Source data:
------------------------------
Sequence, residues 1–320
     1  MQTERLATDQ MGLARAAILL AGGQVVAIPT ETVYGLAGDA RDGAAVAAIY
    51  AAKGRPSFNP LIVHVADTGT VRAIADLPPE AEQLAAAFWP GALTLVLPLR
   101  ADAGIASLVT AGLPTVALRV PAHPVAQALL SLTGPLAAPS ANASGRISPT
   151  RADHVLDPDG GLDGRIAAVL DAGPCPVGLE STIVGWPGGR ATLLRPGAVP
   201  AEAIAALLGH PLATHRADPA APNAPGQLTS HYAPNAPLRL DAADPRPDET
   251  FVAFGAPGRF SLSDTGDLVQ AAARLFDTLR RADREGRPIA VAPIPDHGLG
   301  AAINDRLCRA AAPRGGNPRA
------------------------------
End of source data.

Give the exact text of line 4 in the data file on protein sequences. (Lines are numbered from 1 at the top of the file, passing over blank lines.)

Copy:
   101  ADAGIASLVT AGLPTVALRV PAHPVAQALL SLTGPLAAPS ANASGRISPT